In this new, monthly series, a Wicked Horror writer presents an unpopular opinion about a particular genre offering and asks the oft-repeated question, “Is it just me?” In this installment, Joey Keogh argues why Scream 3 doesn’t deserve the scorn heaped upon it by rabid fans and critics alike.
Scream 3 is different. People have attitude about Scream 3. Even if someone claims to “love” Scream, he/she will always over-state how Scream 3 doesn’t count. On every single “definitive” list, ranking the films (of which there are far too many considering there are only four of them), 3 predictably comes last. Every single time. Comparatively speaking, it probably is the weakest entry, but considering the four films as a unit are impressively, and consistently, strong, is it really that bad?
Objectively speaking, the Halloween, Friday The 13th, and even Craven’s own Nightmare On Elm Street, series boast far worse entries than Scream 3. In fact, Halloween 3, although a cult classic nowadays, isn’t considered canonically correct, while Friday The 13th Part VIII isn’t exactly Jason’s finest or most memorable hour.
His murder method of choice is stabbing, but in Scream 3 the scope is widened to encompass a big-budget, action movie style explosion when Ghostface blows up an uppity film star’s house with some poor guy still in it. As the flick is set on the set of the third Stab movie, wonderfully titled Stab 3: Return To Woodsboro, Scream 3 is incredibly meta, even by the series’ standards. For instance, Jenny Mc Carthy delivers a terrific monologue questioning why she has to die naked, before adopting a sexier voice to run lines with who she presumes is her director, lamenting the stupidity of horror heroines before falling victim to Ghostface herself.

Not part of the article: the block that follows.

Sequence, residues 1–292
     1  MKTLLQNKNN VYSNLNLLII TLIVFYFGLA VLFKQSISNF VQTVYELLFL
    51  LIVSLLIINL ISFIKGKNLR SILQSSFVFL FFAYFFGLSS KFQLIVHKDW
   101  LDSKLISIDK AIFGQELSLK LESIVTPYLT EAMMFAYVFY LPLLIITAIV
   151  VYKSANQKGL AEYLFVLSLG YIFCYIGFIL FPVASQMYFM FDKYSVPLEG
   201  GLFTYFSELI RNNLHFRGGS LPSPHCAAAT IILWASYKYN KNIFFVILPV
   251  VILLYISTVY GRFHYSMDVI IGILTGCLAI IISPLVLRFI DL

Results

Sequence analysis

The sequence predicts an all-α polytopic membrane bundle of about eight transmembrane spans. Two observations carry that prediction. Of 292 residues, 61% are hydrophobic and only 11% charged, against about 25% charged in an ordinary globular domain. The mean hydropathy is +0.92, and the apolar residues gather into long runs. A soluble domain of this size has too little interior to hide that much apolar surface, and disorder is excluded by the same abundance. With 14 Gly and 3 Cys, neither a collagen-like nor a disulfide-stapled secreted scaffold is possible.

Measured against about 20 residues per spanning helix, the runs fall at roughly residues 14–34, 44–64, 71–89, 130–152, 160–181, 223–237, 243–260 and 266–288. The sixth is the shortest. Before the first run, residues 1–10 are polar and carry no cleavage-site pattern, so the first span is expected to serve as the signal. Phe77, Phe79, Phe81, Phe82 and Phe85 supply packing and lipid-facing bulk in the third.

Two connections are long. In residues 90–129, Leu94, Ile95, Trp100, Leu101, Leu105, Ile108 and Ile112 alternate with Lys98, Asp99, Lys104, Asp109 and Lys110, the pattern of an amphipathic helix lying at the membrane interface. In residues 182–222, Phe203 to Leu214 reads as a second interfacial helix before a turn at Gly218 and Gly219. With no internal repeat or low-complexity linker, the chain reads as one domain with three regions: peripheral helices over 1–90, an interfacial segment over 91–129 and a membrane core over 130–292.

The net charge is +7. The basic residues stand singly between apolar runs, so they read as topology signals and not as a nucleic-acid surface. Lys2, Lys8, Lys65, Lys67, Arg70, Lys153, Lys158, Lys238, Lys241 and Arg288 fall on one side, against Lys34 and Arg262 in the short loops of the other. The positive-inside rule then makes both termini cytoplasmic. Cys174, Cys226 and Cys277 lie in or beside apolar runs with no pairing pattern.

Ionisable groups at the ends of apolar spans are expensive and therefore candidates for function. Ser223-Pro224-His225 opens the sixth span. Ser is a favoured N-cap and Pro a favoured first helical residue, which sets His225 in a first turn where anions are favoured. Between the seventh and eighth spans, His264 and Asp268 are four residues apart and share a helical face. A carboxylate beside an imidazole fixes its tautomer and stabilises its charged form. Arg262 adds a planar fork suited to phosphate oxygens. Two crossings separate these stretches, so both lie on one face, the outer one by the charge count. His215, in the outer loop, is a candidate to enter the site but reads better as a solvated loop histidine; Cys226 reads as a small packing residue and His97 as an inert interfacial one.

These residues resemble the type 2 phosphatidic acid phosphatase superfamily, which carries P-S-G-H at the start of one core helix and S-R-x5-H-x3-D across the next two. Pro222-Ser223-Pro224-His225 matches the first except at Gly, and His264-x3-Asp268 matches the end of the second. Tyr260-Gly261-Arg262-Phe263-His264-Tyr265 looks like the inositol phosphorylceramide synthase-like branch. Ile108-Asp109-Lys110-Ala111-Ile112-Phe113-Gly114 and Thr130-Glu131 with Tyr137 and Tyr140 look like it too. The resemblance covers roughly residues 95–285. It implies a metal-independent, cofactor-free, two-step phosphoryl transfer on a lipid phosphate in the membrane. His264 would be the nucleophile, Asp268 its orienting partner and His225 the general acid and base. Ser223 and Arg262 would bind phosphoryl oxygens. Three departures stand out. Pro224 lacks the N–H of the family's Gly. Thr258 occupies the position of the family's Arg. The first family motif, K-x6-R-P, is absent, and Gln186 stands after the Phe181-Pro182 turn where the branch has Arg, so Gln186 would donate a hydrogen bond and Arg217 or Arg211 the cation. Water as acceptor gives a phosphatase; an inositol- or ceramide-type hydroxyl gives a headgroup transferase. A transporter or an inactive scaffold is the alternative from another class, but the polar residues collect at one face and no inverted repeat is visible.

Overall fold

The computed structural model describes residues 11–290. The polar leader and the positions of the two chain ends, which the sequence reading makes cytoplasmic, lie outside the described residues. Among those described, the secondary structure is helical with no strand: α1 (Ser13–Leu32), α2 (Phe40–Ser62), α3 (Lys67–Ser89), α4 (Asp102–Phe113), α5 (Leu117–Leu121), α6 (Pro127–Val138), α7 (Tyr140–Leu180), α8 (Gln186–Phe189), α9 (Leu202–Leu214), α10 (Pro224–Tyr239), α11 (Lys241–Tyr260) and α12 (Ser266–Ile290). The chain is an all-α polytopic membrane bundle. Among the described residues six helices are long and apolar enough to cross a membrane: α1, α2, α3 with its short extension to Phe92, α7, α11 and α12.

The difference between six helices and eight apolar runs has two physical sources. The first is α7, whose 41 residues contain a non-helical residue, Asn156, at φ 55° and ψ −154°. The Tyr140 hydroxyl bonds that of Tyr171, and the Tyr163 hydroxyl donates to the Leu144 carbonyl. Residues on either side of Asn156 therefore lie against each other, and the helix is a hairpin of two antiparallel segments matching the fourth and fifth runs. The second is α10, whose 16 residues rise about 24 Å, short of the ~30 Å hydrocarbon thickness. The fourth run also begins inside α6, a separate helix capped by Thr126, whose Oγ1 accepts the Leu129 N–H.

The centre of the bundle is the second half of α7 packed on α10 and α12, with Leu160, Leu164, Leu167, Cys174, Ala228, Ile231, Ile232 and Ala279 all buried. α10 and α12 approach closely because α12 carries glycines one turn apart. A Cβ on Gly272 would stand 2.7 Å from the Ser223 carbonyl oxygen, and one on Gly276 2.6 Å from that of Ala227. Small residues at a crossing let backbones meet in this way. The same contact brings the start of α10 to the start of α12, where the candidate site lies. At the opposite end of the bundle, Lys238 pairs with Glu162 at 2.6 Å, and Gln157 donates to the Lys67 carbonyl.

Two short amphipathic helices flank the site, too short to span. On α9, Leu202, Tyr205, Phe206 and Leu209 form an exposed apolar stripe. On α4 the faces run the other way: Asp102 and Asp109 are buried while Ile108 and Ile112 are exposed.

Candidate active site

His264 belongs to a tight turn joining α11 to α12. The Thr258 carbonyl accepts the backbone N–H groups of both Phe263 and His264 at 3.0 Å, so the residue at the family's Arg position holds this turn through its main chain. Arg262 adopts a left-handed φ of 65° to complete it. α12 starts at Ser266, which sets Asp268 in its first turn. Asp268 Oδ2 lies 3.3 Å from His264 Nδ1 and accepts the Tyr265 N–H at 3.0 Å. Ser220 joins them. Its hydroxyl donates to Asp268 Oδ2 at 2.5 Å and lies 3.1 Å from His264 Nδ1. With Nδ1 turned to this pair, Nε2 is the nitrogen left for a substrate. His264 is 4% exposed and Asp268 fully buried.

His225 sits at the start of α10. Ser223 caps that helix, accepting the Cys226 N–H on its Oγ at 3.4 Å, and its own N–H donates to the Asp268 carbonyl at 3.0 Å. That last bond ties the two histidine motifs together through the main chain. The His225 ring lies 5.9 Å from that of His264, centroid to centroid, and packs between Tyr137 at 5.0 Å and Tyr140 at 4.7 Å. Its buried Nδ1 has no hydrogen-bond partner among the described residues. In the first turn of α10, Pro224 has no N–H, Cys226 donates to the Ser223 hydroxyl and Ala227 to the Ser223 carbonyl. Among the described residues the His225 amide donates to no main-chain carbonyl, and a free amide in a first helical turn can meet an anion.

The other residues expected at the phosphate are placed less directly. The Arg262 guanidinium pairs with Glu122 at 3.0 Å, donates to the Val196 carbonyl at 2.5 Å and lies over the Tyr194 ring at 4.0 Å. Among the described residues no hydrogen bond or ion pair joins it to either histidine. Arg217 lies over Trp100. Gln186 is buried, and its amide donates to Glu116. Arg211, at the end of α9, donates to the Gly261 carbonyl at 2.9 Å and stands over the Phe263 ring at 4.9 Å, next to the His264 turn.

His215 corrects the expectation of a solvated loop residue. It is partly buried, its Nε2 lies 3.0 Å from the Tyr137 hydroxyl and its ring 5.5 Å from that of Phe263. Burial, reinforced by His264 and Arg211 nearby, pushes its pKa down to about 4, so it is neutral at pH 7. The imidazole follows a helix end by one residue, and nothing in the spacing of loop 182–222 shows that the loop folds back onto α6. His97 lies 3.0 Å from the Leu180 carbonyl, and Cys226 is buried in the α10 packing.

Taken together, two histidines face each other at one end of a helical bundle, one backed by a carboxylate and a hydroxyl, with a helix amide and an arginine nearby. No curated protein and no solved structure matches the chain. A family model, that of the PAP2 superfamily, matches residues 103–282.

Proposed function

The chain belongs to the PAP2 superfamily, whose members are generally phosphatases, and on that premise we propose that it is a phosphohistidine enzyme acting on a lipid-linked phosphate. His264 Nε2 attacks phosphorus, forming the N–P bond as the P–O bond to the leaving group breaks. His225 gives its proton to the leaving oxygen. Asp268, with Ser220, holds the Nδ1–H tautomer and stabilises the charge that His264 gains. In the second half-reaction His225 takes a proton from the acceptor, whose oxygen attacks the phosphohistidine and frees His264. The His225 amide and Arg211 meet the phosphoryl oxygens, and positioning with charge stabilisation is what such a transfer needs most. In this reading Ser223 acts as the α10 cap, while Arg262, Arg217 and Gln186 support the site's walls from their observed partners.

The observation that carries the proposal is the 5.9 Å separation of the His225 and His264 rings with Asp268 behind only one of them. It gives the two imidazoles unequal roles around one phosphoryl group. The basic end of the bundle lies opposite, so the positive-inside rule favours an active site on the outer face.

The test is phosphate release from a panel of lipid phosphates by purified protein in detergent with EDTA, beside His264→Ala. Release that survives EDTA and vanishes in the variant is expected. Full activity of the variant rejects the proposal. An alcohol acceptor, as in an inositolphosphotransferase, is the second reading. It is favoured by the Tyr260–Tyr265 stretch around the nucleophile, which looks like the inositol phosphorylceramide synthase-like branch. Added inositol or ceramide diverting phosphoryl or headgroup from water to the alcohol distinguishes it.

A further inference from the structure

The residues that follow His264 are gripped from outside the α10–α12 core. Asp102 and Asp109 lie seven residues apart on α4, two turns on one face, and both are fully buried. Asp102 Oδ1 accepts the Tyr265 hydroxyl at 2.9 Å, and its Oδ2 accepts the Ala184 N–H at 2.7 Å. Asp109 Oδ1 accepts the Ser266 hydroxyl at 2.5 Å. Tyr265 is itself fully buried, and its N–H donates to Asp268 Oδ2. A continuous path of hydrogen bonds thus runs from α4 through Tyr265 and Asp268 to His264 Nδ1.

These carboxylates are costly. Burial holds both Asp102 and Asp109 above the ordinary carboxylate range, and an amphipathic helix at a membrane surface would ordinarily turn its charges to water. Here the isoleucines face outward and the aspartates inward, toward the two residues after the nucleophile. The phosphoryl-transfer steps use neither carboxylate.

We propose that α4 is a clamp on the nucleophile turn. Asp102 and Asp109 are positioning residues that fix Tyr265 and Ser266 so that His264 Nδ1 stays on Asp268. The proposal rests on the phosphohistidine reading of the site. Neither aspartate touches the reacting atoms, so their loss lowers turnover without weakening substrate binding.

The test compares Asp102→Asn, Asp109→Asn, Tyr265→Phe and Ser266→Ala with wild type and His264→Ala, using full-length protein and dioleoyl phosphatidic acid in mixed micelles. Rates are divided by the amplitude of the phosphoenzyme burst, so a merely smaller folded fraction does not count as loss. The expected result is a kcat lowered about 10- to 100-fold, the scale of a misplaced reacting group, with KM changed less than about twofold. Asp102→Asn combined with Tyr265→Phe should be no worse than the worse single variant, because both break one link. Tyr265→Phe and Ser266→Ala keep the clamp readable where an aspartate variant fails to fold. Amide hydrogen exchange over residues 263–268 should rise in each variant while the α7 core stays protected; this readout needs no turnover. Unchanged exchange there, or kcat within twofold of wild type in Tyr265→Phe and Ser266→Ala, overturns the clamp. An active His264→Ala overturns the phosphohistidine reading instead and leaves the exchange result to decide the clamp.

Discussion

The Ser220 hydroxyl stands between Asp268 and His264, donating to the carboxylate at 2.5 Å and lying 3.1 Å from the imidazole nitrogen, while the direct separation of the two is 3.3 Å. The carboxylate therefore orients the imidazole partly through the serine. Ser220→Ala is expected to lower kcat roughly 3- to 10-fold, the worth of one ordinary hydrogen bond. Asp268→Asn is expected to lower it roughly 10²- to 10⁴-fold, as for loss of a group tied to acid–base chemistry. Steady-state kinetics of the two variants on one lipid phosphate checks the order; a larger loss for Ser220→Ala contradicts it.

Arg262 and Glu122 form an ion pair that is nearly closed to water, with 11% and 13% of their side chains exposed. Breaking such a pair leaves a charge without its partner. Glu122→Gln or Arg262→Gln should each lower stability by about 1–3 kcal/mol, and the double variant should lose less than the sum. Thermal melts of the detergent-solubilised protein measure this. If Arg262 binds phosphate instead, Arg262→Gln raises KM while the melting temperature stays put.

Later revealed to be a scorned bastard child of Sid’s mother, Maureen, Roman is never quite believable as a cold-blooded killer. The family angle is clever, and it wraps up the trilogy (as Scream 3 was originally set out to be the final installment) quite nicely, but it’s slightly contrived and Foley takes to the frustrated director role better than he does the Ghostface costume. However, having said that, his reveal leads to a succession of quick, swift kills in the final act, during which he also takes Dewey and Gale as hostages (the first and last time Ghostface has done so) which, again, ups the scare factor.
Scream 3 gets a lot of hate, most of it unwarranted. What are the fans biggest issues with it? Is it the script being written by someone other than Kevin Williamson? The incredibly meta film-set setting? An abundance of new characters? The fact that it’s the funniest, as opposed to the scariest, installment in the series? Den Of Geek suggested in their series ranking that the humour was ramped up out of fear of any connection to the Columbine massacre, a crime that had only recently shocked the world at the time of the movie’s release. This would account for the change in tone, but Scream 3 still feels like a Scream movie.
It might not be perfect but Scream 3 does not deserve the amount of vitriol that is consistently aimed its way. We judge it harshly because Scream, Scream 2 and Scream 4 are so exceptional but, whether taken as a part of the franchise or as a standalone film, 3 is smarter, scarier and more fun than the majority of slasher movie fare. Revisit it with an open mind and you might just surprise yourself.